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Robotics

Driverless Cars and Long Term Implications

Driverless cars are reality today. The street images you look at on Google Maps came from cameras mounted on some of the first examples. It’s a logical presumption that eventually consumers will adopt the technology for mobility.

What does that mean? Is it a short journey, a “hockey stick” adoption pattern, and do the benefits outweigh the difficulties of putting those vehicles on the road? Who will own them? Who will make them? What will be the impacts on auto insurance, manufacturing, purchase, lending, and payment for usage?

The questions are multiple and should be asked if you’re in any number of fields. Government, public safety, financial services, city planning, transportation, city dwellers, auto manufacturing, and geospatial fields come to mind immediately.

The adoption? It will depend on consumer attitudes and those will be shaped by existing perceptions and the safety record of the vehicles. Google is ahead in the development with an enviably low mishap rate but the recent Tesla-related death and a culture of experimentation in the driving industry force – the software sector – means that the road ahead will be bumpy.

Plus there’s the regulatory environment which right now is a patchwork of state laws in the US without a Federal baseline that needs to be established. As typical, government lags by anywhere from 5 to 10 years just as they have with other de novo technology issues like drones, advanced analytics, and cyber-currencies.

But what you can do right now is think through the implications of eventual adoption on your career or industry. After a recent presentation where I outlined the impact of 25% of drivers switching to use of driverless vehicles a state government executive cam
Googledriverlessmall
e up to me and said his department at looked at the same possibility and determined that the existing highway infrastructure is currently overbuilt by about 40%. He said his state is scrambling right now to convert construction assessments to other forms of mass transit. He believed a 25% adoption was highly probable by 2040.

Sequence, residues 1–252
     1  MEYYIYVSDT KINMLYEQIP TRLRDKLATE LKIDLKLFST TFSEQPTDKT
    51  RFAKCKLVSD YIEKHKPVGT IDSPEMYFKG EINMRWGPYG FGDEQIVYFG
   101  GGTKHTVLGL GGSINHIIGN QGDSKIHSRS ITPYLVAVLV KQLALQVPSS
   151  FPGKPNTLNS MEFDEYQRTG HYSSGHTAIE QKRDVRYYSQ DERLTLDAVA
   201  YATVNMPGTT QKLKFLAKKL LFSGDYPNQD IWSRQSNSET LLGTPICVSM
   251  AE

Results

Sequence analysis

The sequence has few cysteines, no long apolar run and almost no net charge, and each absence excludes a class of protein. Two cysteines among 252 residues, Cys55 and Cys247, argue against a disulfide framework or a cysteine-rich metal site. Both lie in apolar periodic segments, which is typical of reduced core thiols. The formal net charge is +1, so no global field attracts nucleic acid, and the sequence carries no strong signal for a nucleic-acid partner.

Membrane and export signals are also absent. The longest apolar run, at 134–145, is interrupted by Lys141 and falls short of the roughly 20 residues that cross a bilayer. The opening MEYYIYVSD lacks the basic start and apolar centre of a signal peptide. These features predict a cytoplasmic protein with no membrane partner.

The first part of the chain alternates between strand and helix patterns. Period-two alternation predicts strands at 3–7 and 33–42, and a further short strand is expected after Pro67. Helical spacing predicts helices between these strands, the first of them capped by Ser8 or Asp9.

Insurance and financial services already anticipate the impact. Travelers places language in their annual report on the threat to their revenue of autonomous auto adoption. Warren Buffett is quoted as saying, “when you start making the driver safer, that would be a big, big jump, and that will happen some day, and when it happens there will be a lot less auto insurance written."


Photo: By Grendelkhan - Own work, CC BY-SA 4.0, https://commons.wikimedia.org/w/index.php?curid=47467048

April, 2013 - What We're Watching in the Practice

Here’s a quick synopsis of projects, presentations, and work we’ve done over the recent past. I’m also including some trends we’re seeing from the work. It’s been a hectic several months as we’ve found a permanent place to live in a new city, remodeled a dwelling, and settled into home and office.

These days a great number of economic forecasting assignments come my way and the last two months have been no exception. I was asked for three economic forecasts in agriculture, manufacturing, and construction. It’s encouraging to be able to pass along relatively positive news and projections for a change.

Heaviest implications – the effects of a major cybersecurity breach on national/regional economies. Three years ago I moderated and did the closing keynote presentation to the most influential global meeting of information security professionals. 90% believe a major breach is imminent. The Pentagon has ramped up tactics, “weaponized code” is loose on the Internet, information security is now mixed into global conflicts and efforts to prevent access to nuclear weapons. This is a big deal and surprisingly it goes unconsidered in most business planning.

Most overlooked development – the quiet but impactful use of robotics. The development of devices like Baxter and the continuing utilization of manufacturing robots has quietly cut into employment. Expect deeper cuts in the next ten years. With the price point dropping, capability rising sharply, and programming easier look for these intelligent machines to slide into society under the radar.

Trending upward – succession is taking the biggest uptick in my consulting assignments. Transfer of business, top management replacement, and governance are areas where I see rising demand. With Boomers flooding over the 65 age-line and smaller pools of obvious successors available this is going to occupy more of my time in the coming years.

Longer term and interesting – the extraordinary transition society will make as energy sources swing from fossil fuels to renewables. It’s obvious that the effectiveness and adoption of renewable energy sources is poised for a rapid spurt. Legacy businesses have not thought through the implications for their own fields. The swing will most probably take place in the next 15-20 years.

I believe it’s shrewd to have social media presence although how this field gels in the next five years is still uncertain. I like the utility of
Twitter as a scanning aid and I also post sporadically. It’s also interesting to watch who follows the posts. I make no effort to attract followers but I find myself following many who find my posts useful.